2021-05-19-Sutta Storries-The Lady and Her Servant
3:33PM May 19, 2021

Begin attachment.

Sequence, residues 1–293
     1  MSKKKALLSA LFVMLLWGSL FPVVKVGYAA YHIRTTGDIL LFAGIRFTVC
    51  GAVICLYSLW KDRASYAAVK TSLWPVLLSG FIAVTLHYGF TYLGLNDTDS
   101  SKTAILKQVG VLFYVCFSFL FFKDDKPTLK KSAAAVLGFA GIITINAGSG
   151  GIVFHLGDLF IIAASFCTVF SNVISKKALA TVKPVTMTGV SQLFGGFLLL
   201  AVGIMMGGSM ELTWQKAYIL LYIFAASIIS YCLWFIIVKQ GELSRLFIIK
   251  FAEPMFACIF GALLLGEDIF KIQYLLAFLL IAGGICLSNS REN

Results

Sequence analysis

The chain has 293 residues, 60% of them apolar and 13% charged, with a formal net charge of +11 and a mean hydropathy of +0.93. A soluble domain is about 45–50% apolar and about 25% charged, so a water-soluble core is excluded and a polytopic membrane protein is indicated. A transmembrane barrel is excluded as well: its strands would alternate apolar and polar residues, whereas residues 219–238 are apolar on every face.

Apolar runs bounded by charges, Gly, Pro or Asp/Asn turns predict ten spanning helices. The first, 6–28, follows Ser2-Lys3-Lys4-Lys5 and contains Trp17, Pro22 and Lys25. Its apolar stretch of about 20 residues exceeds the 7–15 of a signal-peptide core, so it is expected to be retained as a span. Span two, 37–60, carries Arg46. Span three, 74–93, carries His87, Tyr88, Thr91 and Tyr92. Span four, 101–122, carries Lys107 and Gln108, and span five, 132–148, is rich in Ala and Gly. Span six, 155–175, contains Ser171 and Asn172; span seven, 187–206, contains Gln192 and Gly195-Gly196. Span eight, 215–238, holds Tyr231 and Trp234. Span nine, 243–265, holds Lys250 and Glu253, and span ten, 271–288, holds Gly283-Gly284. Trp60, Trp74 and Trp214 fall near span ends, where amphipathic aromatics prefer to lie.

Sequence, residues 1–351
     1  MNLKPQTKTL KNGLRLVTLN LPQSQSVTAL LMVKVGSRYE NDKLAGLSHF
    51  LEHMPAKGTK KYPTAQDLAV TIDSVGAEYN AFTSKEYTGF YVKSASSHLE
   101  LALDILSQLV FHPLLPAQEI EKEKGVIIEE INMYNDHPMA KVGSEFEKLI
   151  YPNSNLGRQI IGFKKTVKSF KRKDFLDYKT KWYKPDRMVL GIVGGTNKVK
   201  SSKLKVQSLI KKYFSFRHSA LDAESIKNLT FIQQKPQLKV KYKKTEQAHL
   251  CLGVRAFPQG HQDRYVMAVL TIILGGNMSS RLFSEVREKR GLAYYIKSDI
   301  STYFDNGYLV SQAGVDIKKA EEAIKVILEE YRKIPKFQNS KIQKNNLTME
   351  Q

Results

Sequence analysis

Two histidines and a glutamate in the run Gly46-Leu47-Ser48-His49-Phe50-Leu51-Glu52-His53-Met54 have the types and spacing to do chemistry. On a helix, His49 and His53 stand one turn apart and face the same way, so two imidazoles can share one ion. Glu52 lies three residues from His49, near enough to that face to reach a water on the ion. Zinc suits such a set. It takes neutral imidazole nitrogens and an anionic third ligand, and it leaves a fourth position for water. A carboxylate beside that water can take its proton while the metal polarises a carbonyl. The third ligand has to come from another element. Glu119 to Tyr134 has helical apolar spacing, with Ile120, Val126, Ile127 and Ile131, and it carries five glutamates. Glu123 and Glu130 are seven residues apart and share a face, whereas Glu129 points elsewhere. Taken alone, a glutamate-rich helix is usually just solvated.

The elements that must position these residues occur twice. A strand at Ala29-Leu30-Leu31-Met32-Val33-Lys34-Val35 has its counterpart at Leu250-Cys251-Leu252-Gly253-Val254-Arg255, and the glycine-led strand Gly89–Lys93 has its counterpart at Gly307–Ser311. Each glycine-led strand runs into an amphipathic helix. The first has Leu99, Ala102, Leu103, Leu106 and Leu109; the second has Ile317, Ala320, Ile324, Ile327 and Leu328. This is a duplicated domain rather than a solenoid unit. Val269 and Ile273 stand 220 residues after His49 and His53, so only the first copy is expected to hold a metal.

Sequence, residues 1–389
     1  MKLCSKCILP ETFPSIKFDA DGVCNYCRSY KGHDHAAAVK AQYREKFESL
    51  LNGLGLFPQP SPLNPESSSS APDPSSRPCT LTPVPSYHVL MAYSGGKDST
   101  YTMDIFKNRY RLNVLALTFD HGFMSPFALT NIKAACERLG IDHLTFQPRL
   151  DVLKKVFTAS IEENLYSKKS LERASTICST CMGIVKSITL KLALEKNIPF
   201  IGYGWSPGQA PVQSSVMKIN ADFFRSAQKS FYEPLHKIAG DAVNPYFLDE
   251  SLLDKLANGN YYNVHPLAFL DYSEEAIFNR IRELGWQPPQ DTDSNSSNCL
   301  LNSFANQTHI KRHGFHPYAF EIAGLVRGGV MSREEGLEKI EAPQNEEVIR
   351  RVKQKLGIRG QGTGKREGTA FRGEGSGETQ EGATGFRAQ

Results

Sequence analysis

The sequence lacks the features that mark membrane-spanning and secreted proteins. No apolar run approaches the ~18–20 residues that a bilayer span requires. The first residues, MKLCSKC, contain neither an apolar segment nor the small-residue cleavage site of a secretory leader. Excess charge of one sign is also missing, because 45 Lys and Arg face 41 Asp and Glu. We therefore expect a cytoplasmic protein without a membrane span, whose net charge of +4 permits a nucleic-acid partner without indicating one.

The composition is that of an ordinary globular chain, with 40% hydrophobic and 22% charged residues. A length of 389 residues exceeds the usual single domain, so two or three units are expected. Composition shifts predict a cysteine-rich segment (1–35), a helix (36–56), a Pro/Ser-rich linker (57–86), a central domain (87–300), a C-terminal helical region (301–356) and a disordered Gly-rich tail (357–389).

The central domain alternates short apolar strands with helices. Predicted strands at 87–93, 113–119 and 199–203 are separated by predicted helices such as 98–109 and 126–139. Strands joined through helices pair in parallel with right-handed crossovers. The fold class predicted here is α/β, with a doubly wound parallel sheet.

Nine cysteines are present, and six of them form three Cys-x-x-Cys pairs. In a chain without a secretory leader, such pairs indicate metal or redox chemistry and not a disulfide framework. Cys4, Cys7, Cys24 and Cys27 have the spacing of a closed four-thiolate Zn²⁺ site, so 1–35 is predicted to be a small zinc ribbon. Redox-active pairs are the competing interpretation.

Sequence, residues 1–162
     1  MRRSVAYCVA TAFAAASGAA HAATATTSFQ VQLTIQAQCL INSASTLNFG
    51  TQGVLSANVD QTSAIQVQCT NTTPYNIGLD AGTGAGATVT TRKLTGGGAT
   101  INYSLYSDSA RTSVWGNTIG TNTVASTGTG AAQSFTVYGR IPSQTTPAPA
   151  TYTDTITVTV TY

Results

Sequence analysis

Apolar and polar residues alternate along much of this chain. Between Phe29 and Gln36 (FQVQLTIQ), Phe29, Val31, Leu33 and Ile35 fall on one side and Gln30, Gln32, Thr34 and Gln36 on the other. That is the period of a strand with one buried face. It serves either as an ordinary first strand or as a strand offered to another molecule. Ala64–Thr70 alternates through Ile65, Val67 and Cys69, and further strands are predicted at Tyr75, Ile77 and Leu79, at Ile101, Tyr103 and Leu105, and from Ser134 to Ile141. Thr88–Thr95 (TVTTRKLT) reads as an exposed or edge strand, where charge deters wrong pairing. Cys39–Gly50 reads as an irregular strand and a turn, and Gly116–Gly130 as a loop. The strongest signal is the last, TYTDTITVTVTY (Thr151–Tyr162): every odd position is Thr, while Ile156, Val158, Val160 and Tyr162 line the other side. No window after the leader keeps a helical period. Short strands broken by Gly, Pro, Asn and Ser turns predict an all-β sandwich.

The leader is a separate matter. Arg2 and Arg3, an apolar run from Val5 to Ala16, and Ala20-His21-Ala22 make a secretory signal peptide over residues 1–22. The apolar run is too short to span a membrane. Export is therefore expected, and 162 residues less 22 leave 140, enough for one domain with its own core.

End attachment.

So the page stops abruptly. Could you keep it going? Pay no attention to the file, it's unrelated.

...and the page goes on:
So I'll continue today with some stories from the suit does the engine discourses of the Buddha. And the Buddha himself was a storyteller. In that he tells innumerable stories as part of his teachings. And some of them may be or events that he experienced some of them, I think he just made up for the purposes of teaching. And he also makes up many analogies and metaphors. And he's kind of a wonderful storyteller as a rich kind of vocabulary of storytelling techniques for helping us understand better and and so here's a story the Buddha told, it seems that there was a monk who, when he was criticized, would easily get upset, get angry, when someone pointed out that he wasn't behaving properly. So he told this story, that once there was a lady bed, there he goes, who was known for being gentle, and kind, and peaceful. If you had reputation around town, that that was how she was. But this lady also had a servant by the name of Kali. And Kali was worked hard, she was very clever and competent, in her work was very neat, and her worked, cooked delicious food, did everything for the household, that made everything go smoothly and easily. And then one day colleague, the servant, thought to herself, you know, it seems that people have this idea that the lady is kind and gentle and peaceful. But I wonder if this is really the case. Let me find out. So the next morning, when usually Callie would wake up before the lady and get everything ready for the day. But in this day, Callie slept in. And the lady woke up and found that this servant was still sleeping. So she spoke harshly. Oh, she said to us, she said to her, what's the matter, Callie, that you're sleeping? And Callie said, Nothing's the matter. I just sleeping in. And then the lady got upset and angry and said it was harsh, spoke harshly to her. You know, don't do that again. You shouldn't you can't you have to do your work. sudden, the next day, Callie slept in again. And the next day, the lady asked what's the matter? And call he said nothing's that matter I just sleeping in. And so then the lady got even more upset, then spoke even more harshly. The next day. The same thing happened. But this time, the lady got really upset. And she got a rolling pin from the kitchen and started hitting the servant over the head. Terrible, you're wicked, you're bad. How could you do such a thing. And with blood running down your face, the servant ran out in the street and said, Look, everyone, you thought that the lady was kind and gentle and peaceful. But it doesn't take much to provoke her that she's actually underneath. She had carries a lot of anger. And that anger given half a chance or even a mild chance will surface and look what she's capable of doing. And from then on the lady's reputation of being kind and gentle and peaceful, was no longer in that town. So I imagined the Buddha made this story up and maybe we don't like the story too much. But still it's an example of him using a story as an analogy. Because then he goes on and and he says that there are five ways that people might speak to you. He's talking to the monastics he says that Either